Tip: Once you paste your coordinates into Stellarium, you need to add spaces into your coordinates or click on the opposite box (Latitude or Longitude). Stellarium will auto format the spaces from your google map coordinates.
Also, keep in mind that Google maps add the N, S, E, or W at the end of their coordinates, in Stellarium, these need to be at the beginning of the coordinates.
Save Location Coordinates In Stellarium
We want to save these coordinates in Stellarium, so we don’t have to repeat the work we’ve done if we’re going to go back and reshoot at Delicate Arch at a later date.
After you’ve entered your coordinates, enter the following data, and then hit “Add to list” to save the location in Stellarium.
- Name/City: This is for your reference only (name it what you want)
- Country: Country of the photo shoot location
- Planet: Earth (unless you know a way to shoot on another planet 😉 )
- Time Zone: Set the time zone to match the time zone of the location.
Once you’ve added the info, remember to hit “add to list.”
The Location (Delicate Arch, Utah) is now saved on the list, once you close Stellarium and reopen the program, your saved location(s) can be brought up any time you want from now on.
Quick Stellarium Settings
Stellarium will show us all the celestial objects that are in the sky, in this guide we are looking for the milky way.
So to make things a little easier, let’s go into the settings of Stellarium and make the milky way brighter. Doing this makes it easier to see the milky way in Stellarium and the position where we want it to be.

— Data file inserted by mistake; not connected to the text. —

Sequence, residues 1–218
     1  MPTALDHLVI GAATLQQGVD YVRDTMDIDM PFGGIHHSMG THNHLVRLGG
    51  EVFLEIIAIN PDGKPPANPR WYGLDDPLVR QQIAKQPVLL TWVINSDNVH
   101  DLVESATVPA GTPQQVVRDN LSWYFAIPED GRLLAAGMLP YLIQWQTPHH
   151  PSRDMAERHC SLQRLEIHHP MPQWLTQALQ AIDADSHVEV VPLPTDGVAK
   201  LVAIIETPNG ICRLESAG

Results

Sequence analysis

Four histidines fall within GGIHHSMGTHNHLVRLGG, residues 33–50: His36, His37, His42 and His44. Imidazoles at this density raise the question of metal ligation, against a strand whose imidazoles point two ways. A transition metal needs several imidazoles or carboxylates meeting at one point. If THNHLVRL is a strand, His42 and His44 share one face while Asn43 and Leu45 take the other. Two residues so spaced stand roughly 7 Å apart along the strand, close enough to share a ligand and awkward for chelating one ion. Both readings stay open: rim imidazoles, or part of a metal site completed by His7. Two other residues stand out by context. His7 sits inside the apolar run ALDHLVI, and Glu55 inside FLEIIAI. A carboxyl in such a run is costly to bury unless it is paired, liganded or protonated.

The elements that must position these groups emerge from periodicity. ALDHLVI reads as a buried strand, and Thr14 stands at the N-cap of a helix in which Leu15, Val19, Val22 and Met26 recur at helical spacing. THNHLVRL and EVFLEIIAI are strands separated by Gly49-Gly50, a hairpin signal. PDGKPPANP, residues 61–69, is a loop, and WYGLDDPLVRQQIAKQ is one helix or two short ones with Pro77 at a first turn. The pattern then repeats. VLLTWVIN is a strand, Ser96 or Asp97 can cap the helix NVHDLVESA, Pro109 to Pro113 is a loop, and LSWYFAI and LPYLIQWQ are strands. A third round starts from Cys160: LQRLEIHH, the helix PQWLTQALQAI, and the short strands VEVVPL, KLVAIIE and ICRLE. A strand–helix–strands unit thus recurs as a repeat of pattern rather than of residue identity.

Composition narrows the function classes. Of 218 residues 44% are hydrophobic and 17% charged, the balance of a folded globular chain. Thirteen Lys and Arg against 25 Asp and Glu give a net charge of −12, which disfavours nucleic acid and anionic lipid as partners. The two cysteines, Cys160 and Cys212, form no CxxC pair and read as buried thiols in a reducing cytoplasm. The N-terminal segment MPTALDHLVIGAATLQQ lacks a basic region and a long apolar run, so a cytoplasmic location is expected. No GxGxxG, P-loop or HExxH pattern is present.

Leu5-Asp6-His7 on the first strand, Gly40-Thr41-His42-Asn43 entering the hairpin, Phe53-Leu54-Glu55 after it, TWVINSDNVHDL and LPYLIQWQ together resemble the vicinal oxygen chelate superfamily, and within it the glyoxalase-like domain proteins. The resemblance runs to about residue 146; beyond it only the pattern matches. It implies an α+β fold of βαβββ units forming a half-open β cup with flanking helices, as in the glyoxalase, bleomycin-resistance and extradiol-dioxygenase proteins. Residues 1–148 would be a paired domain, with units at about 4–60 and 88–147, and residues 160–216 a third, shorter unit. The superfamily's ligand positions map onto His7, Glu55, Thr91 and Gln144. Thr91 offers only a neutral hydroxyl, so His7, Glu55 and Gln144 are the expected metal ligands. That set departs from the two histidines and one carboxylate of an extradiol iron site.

Open the “Sky and viewing options window” (Hover over the bottom left of screen or press F4).
Next, adjust the “Milky Way brightness/saturation” tab to 5. This will brighten up the milky way for us to see easier.
Notice how much brighter them milky way has become compared to the previous image?
Find What Direction You Will Be Facing (Heading & Celestial Location)
So far we’ve found and set up our location in Stellarium, now we need to work out which direction we will be facing, North, South, East, or West?
Download Google Earth onto your computer (need the desktop version as the web browser version is missing some features), copy the Longitude and Latitude coordinates from google maps and paste them into google earth to take you to your destination (Delicate Arch, Utah).
Now that we have our position loaded in google earth, we now want to find out what the “heading in degrees” is. This is the line of sight direction that we will be facing so we can also use that in Stellarium.
So if we want to take a photo of us standing in front of the Delicate Arch with the milky way rising behind it in the background, we need the heading in degrees value from google earth.
To get it, it’s straightforward, click the Ruler tab in the top menu of google earth.
The Ruler has three different measurements, the only one we need to take notice of is Heading.
Click once at the location where you want to be standing, this drops a pin and creates a yellow line on the map.
This yellow line becomes our “line of sight” of where we’re standing to where we will be looking for the milky way in the sky.
So where ever you want your photo of the milky way to be, drag the yellow line there. That will be your direction of the line of sight.